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87 of 92 people found the following review helpful By Cindy Simon on January 12, 2008
Format: Spiral-bound Verified Purchase
I've been hearing about knitting socks 2-at-a-time for a while now, but no description ever quite got the concept across to me. This clear, beautifully photographed book FINALLY got the idea through my head and into my fingers. My family will be so happy that I won't abandon sock designs after only knitting the first one anymore. The instructions alone are worth the price, but the included patterns are an incredible bonus. I'll be knitting socks out of this book for a long, long time to come (and all the pairs will be finished at the same time and they'll MATCH, hallelujah!).
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56 of 59 people found the following review helpful By BobbinKnit on September 8, 2008
Format: Spiral-bound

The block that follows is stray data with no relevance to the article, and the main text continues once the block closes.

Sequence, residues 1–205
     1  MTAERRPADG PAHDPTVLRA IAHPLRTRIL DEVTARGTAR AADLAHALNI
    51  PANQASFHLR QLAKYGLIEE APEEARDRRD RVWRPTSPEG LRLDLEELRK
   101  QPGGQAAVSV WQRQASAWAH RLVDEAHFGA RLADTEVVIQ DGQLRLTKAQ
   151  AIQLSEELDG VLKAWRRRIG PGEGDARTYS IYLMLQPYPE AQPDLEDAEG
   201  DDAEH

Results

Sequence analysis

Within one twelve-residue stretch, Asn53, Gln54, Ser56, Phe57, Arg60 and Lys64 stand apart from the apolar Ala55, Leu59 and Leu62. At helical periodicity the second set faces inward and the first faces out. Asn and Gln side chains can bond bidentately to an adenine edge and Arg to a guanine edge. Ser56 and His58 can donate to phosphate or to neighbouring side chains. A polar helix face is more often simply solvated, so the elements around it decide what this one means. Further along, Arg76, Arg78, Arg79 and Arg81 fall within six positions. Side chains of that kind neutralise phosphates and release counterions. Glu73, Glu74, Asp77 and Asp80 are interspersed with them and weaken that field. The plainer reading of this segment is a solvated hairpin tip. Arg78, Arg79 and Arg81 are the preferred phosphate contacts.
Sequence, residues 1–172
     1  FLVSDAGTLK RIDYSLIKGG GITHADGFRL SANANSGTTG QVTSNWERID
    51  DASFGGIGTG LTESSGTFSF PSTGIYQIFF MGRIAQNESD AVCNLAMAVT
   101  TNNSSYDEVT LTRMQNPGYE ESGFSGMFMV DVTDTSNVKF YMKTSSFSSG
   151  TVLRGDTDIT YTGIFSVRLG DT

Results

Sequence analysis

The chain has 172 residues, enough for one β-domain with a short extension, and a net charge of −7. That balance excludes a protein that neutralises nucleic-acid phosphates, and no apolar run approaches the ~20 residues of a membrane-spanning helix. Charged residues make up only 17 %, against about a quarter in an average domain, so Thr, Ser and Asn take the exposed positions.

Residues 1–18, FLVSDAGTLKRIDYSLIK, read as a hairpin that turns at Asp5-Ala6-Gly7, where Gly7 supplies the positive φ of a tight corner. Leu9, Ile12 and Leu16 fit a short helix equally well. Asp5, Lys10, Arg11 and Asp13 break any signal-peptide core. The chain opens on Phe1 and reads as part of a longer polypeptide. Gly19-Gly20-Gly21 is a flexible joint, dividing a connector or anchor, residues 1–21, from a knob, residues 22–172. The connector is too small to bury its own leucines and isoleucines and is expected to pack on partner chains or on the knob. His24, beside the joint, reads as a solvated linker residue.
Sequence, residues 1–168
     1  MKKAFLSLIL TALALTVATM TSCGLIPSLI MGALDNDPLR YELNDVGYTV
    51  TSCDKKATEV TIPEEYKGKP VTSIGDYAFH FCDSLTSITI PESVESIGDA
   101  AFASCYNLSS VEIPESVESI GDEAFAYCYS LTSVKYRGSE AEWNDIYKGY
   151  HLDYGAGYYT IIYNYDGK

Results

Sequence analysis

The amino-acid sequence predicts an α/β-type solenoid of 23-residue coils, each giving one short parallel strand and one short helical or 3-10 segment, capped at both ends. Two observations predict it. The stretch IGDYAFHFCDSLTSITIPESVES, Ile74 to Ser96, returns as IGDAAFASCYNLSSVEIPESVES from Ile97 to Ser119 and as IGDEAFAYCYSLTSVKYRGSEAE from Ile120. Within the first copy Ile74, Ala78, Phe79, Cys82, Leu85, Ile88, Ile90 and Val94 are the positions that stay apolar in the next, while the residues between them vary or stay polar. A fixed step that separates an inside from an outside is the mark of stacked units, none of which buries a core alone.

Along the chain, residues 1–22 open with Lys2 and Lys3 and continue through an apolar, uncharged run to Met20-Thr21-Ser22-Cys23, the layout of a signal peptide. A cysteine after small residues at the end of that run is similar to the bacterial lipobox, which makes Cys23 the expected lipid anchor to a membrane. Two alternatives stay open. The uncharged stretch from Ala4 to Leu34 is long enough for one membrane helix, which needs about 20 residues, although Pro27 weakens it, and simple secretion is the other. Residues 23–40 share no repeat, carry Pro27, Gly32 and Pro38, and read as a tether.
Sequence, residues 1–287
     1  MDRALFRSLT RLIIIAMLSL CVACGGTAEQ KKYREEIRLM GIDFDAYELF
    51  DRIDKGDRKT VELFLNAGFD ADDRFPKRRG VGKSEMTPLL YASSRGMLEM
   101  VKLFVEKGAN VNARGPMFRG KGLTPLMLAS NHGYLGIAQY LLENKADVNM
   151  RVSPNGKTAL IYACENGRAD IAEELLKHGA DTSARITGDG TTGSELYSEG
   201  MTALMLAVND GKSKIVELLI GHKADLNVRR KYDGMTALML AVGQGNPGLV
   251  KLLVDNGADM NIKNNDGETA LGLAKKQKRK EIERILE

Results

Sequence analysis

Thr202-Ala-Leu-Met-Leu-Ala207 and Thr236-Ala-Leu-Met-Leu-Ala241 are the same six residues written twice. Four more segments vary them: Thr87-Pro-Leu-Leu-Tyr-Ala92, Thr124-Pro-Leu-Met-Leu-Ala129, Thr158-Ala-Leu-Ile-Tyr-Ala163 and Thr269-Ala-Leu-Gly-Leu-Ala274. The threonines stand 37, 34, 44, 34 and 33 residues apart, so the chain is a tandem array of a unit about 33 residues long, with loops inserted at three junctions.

I am extremely disappointed in this book. This book was a gift and unfortunately a waste of money for the giver. My book is a first printing. After reviewing it, some things did not make sense. I went online and found the errata. The photos for 'Knitting a Sample Sock' to learn the technique are the wrong color for the sock referenced and therefore very confusing. Every single pattern in the book requires 4 corrections. There are a total of 100 corrections plus 4 charts that need to be corrected. This makes the book useless unless you have the time and patience to transfer all of the corrections to the book or the ability to print them out and reference back and forth. The author states that the third printing of this book encompasses all of the known errata. I won't be purchasing the third printing of this book only to get what I should have gotten in the first place, which would have been a usable, correct book. One or two mistakes are understandable, but 106 (counting the incorrect photos) is way too many. If you are lucky enough to start with the third printing of this book, it does have nice clear photographs, pretty patterns and an easy to follow layout.